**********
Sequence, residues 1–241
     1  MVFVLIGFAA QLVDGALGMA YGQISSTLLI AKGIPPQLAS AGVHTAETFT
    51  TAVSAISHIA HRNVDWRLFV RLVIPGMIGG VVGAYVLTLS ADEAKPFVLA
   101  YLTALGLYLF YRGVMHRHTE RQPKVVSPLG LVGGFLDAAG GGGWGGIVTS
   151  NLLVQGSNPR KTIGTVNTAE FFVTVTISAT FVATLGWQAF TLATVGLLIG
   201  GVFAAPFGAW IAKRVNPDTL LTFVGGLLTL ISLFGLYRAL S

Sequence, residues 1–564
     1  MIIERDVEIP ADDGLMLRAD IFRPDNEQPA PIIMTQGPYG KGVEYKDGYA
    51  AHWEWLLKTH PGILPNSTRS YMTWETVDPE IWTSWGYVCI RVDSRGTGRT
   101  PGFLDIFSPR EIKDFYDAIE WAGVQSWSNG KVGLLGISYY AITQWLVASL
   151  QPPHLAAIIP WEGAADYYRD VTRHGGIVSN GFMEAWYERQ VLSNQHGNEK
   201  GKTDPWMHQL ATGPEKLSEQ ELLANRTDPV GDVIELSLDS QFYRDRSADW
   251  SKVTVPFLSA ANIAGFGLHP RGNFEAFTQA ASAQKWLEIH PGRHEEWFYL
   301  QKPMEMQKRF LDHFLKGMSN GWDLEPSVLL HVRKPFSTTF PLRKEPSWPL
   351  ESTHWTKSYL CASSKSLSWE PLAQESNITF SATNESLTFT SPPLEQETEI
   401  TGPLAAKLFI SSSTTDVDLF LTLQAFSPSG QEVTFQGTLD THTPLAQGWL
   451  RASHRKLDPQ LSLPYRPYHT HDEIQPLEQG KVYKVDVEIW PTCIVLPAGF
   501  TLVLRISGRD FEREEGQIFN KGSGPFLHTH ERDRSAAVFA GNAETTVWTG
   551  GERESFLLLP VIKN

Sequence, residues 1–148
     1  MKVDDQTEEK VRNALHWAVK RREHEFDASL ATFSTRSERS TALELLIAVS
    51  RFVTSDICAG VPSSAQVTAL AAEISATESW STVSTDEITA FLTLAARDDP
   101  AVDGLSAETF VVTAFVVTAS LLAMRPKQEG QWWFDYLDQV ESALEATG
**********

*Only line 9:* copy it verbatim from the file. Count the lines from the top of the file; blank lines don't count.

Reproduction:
    51  AHWEWLLKTH PGILPNSTRS YMTWETVDPE IWTSWGYVCI RVDSRGTGRT